Somalia

SOYDA Quarterly Progressive Narrative Report, November 2020

Format
Situation Report
Source
Posted
Originally published

Attachments

1. Background and Humanitarian needs

The humanitarian crisis in Somalia continues to be one of the most complex, fragile and protracted in the world. At least 5.2 million people are in need of humanitarian assistance through 2021, due to the impact of recurrent climatic shocks, armed conflict and insecurity, protracted displacement, political and socioeconomic factors, amid the global COVID19 pandemic. About 2.6 million people live in protracted displacement. Flooding in 2020 has affected nearly 1.6 million people, including 35 killed and 716,000 displaced; destroyed farmland and infrastructure and increased the risk of water-borne diseases. The number of people facing food insecurity (IPC Phase 3 or higher) is expected to rise from 1.3 million in September to about 2.1 million through December, in the absence of humanitarian assistance. About 849,900 children under the age of five years face acute malnutrition between September 2020 and August 2021. A desert locust infestation since January has affected 685,000 people, mainly in riverine areas and northern Bay, Bakool, agropastoral livelihood zones.

Hagaa season (June-September) riverine and flash floods have affected over 555,000 people in Hirshabelle, South West, Jubaland states as well as Sanaag and Banadir regions; of whom about 363,000 have been displaced from their homes. Over 85 per cent of the displacement occurred in the two most affected regions in the Shabelle river basin - Lower Shabelle (South West State) and Middle Shabelle (Hirshabelle State). The floods have inundated thousands of hectares of farmland and damaged property, irrigation infrastructure, water points and roads. Livelihoods have been disrupted and cases of acute watery diarrheoa have increased. The floods hit Somalia at the peak of the COVID-19 pandemic. Restrictions to mitigate the impact of the pandemic have exacerbated humanitarian needs. Despite operational challenges, humanitarian partners scaled up first line response to flood affected populations, namely food assistance, health services, WASH services and emergency shelter and non-food items.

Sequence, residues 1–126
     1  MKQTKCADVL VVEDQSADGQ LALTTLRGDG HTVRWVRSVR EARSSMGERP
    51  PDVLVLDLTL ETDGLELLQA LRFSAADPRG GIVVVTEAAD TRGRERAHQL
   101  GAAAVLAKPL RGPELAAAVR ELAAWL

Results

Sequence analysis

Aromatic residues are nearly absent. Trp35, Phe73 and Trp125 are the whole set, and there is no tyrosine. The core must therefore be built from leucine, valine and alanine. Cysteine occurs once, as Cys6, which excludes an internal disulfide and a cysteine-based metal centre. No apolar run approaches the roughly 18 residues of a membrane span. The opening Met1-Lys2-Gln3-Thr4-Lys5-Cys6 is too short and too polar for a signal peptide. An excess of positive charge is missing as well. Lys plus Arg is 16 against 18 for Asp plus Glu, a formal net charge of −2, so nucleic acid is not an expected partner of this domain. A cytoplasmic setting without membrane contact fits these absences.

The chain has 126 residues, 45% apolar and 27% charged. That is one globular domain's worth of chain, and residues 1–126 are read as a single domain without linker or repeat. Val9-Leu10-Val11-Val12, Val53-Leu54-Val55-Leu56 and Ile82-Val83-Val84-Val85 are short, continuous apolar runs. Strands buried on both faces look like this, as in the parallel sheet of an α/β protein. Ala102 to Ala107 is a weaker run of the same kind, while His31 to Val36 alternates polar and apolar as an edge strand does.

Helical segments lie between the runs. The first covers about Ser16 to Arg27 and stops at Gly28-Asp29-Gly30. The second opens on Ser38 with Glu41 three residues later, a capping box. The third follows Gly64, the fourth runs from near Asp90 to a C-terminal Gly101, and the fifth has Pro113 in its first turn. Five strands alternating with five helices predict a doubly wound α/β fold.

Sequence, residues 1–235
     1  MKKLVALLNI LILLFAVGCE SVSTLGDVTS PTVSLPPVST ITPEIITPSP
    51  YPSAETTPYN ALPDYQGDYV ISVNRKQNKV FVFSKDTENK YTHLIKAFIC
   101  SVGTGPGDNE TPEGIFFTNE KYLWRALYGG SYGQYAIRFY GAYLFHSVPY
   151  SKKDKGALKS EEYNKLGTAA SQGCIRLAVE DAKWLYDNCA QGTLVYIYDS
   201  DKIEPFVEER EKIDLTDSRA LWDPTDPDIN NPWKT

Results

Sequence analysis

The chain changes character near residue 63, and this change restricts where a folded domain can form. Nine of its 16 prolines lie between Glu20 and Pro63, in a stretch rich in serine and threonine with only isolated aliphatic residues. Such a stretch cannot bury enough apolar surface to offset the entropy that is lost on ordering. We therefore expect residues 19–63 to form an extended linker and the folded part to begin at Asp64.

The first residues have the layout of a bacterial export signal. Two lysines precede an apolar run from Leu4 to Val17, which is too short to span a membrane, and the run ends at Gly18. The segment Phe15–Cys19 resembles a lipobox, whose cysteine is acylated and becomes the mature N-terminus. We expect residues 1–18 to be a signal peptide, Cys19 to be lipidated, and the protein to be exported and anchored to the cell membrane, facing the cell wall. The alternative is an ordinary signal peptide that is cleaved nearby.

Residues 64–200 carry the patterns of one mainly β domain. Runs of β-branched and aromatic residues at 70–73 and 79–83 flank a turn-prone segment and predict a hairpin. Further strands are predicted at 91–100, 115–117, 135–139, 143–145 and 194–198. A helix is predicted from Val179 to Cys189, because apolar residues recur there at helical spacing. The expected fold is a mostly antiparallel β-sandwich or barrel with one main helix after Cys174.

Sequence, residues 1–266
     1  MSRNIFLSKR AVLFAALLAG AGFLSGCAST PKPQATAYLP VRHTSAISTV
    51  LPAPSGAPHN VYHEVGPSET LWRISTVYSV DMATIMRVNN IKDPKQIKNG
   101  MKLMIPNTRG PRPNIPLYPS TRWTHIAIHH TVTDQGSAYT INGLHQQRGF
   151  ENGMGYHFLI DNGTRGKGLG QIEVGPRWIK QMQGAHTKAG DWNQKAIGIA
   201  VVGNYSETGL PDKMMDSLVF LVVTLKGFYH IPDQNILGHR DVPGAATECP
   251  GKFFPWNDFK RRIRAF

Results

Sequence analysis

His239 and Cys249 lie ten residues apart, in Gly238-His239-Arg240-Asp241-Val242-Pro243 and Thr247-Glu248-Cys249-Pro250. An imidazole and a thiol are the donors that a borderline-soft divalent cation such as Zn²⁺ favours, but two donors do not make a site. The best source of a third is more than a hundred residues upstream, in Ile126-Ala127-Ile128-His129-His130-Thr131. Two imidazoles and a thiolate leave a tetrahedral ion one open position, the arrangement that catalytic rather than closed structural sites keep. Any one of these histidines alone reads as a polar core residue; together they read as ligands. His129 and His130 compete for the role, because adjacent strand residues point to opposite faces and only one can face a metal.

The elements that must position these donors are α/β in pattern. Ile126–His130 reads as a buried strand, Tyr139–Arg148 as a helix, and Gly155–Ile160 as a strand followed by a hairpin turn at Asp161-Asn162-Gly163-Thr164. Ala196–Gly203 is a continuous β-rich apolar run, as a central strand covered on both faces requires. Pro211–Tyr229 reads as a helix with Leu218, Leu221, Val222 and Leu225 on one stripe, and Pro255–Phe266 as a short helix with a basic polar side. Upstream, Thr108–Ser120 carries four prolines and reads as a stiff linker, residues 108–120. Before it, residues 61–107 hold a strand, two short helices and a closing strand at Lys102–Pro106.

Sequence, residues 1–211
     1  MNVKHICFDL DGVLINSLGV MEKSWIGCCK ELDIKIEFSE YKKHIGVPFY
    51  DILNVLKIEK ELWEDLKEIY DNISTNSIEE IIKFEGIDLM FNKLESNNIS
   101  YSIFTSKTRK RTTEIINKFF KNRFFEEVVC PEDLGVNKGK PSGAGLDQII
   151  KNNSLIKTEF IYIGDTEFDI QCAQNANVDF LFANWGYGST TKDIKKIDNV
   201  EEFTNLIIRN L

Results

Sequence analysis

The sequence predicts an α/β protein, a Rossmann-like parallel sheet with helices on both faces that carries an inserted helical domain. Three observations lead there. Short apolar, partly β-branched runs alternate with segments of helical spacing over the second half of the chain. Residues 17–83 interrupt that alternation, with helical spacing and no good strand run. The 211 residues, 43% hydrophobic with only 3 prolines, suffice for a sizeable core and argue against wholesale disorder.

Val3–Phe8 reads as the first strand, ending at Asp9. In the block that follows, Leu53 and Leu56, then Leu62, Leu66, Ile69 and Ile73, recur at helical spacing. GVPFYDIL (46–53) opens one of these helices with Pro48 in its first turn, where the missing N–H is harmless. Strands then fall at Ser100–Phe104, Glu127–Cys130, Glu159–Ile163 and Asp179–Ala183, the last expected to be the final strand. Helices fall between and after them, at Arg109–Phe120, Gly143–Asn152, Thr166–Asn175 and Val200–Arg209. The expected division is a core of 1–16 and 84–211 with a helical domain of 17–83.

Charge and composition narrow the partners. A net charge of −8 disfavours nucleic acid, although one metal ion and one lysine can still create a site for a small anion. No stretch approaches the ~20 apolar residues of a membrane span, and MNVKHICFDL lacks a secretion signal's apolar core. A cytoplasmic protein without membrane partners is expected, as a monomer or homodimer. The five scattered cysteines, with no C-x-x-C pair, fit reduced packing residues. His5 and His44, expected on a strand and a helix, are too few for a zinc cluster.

Food assistance needs in Somalia are already high with an estimated 3.5 million people in rural livelihood zones, urban areas, and IDP settlements in need of food assistance. In riverine areas, farmers have suffered from multiple flood events during the Gu and Hagaa 2020 seasons, which damaged Deyr 2019/20 off-season crops and Gu 2020 main season crops. As a result, the main Gu harvest in July/August is up to 40 per cent below the long-term average in these areas. In addition, escalated conflict in Lower Shabelle suspended cropping activities in Qoryooley, Marka, Afgooye, and Wanlaweyn districts and displaced large populations to Mogadishu.

However, SOYDA have been providing integrated package of nutrition, Food Security, Education, Civic Education, Youth empowerment, WASH, protection, and health intervention in Benadir, Southwest and Jubbaland State of Somalia.

SOYDA shall however, continue its program implementation to enable reduce the vulnerability as well as provide improved lifesaving Health, Nutrition, WASH, Food Security, Protection and Education services